At the other training center, run by car manufacturer Maruti Suzuki, class sizes are smaller, enabling instructors to vary and experiment with their teaching methods. Trainers ask auto drivers whether men and women can perform tasks such as cooking and plowing. Trainers gently explain, using examples, that women are capable of both, and deconstruct drivers’ notions of gender and sex. “We try to drive home the point that these perceptions are society’s creations,” Pant said, that they are not determined by physiology or genetics.

At the conclusion of the training, attendees receive a booklet summarizing the lecture. Statements such as “Real men don’t participate in violence—they stop it” are highlighted. Badges declaring “Women’s respect is my duty” and bumper stickers announcing “This responsible auto respects and protects women” are handed out.

(Photo: Dinsa Sachan)

As a follow-up resource, Manas operates a driver help line. The organization also regularly calls drivers after the training, asking whether they have encountered situations involving female passengers that were not covered, and opening a two-way means of communication.

At first, though, some drivers don’t seem that open to a one-way means of communication. During a recent lecture, even as most drivers nodded in affirmation and appeared to listen attentively—or at least politely—a nonconformist whisper could be heard: “This is just time-pass.”

However, judging by responses of drivers in the class I attended, most seemed aware that they could be arrested for sexual harassment under the Indian Penal Code.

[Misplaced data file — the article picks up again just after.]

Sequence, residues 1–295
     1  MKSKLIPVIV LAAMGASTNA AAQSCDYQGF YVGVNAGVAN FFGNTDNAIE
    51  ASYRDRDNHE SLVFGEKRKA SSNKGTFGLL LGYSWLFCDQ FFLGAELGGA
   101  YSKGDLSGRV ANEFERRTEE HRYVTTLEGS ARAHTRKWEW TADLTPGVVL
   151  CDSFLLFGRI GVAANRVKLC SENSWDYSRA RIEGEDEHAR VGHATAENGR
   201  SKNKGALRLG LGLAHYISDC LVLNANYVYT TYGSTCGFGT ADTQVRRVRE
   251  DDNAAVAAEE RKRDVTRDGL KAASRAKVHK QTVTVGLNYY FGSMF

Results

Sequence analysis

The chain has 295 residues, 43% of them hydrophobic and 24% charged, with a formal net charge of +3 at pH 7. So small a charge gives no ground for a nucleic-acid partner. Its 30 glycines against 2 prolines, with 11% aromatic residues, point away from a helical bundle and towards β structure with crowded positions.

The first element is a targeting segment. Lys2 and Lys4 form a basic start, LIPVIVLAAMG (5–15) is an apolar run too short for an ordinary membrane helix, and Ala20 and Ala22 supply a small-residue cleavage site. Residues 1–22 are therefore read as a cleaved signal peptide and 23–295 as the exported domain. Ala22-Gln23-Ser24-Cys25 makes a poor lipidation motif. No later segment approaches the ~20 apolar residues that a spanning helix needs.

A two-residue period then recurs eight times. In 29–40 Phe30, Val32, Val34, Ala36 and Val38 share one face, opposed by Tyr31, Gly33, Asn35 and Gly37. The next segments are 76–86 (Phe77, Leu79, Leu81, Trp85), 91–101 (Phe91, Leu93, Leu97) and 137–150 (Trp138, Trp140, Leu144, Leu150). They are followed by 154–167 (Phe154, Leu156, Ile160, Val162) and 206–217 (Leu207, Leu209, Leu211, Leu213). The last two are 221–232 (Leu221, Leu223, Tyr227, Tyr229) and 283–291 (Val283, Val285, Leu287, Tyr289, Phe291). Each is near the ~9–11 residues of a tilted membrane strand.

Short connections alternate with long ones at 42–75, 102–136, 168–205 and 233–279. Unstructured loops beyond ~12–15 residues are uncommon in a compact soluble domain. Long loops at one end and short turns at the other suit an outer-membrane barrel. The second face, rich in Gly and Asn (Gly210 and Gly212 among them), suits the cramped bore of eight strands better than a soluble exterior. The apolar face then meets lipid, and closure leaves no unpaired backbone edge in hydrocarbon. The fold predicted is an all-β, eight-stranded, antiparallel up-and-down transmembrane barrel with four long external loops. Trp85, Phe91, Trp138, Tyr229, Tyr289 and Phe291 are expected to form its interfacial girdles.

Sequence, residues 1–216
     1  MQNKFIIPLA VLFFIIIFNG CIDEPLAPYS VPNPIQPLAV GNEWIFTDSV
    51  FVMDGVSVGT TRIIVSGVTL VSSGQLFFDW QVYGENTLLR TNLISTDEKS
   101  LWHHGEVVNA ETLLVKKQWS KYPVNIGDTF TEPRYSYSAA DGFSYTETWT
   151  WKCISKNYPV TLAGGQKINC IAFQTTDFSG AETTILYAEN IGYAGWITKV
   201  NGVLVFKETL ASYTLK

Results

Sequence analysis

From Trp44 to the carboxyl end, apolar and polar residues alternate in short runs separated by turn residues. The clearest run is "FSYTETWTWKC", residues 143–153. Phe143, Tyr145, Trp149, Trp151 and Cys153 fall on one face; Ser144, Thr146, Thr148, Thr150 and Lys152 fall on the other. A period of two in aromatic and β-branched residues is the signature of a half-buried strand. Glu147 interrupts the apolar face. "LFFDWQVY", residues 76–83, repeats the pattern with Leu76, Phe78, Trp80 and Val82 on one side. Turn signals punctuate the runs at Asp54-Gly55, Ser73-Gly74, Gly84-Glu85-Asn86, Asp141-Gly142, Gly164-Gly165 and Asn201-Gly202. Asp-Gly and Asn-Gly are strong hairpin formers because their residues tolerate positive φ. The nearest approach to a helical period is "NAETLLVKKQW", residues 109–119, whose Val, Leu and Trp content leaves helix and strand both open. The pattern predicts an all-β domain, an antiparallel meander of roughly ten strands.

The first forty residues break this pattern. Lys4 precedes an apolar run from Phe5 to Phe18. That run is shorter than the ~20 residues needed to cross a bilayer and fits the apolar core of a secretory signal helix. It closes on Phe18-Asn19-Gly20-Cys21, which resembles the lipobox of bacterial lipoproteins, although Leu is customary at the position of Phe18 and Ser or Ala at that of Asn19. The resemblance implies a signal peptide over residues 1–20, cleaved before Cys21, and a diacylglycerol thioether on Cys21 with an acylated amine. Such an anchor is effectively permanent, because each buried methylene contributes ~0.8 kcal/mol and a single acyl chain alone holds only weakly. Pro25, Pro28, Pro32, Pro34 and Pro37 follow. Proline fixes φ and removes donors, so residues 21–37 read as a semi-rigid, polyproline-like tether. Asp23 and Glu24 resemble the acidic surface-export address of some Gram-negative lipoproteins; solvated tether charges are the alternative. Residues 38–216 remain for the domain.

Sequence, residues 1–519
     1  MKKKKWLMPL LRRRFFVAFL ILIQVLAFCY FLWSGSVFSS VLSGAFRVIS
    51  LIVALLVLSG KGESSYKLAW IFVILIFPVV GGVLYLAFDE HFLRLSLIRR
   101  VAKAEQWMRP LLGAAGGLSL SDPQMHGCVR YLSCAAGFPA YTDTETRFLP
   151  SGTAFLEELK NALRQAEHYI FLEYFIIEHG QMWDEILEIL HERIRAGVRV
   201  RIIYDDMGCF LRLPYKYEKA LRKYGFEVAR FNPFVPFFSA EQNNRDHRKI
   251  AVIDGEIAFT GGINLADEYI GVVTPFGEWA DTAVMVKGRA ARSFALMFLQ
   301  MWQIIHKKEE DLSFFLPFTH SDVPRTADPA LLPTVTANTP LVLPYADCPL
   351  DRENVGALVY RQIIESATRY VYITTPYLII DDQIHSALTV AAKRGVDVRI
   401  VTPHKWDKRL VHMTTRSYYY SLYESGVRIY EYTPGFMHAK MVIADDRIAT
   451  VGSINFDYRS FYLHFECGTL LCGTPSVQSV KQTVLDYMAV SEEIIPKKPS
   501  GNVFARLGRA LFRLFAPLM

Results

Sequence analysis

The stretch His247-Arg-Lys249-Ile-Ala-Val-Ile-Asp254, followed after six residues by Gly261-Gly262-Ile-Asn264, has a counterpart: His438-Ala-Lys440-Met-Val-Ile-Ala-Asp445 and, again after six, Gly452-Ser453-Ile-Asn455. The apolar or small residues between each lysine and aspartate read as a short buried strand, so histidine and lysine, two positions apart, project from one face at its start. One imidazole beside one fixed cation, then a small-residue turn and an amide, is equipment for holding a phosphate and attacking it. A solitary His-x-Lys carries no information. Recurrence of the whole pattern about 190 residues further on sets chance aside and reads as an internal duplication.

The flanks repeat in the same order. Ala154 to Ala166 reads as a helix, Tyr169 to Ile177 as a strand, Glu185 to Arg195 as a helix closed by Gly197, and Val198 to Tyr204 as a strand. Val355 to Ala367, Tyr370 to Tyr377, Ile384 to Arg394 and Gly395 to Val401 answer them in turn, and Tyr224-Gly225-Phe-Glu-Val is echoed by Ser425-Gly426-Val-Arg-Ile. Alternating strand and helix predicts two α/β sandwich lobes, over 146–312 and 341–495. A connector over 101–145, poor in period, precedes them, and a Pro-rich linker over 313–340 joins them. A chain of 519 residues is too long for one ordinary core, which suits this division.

But resentment can run high. One indignant driver, his face flanked by gray hair and a gray beard, scowled, “Some women shout at me, ‘Auto, will you go to Connaught Place?’ I’m not an auto!”

Dyansamantara recalled a time when the leader of an auto drivers’ union confronted employees of Manas, asking why it was targeting only auto drivers.

“Acceptance level was really low at the time,” Pant said. Many participants would ask to leave in the middle of class. “As the training now has good word of mouth, the response is much more positive.” She added that since the program launched, the trainers have improved and become more confident.

Yet driver Devraj Singh, 55, thinks the exercise is futile. “Auto drivers are a motley bunch. Behavior with customers is a highly individual matter. Good drivers will be good, and bad will be bad,” he said.

Vinay Kumar, a younger driver, said he would affix the Manas sticker to his vehicle. “I have always vouched for women,” he said.

In early 2015,an independent evaluation and monitoring process will give a more rigorous assessment of how the program is faring.

Anecdotally, when I ask auto drivers their opinion of the training, most say they found it useful. So every time I spot an auto with the Manas sticker on its rear bumper, I feel a spark of hope.

UPDATED 12/8/14, 3:02pm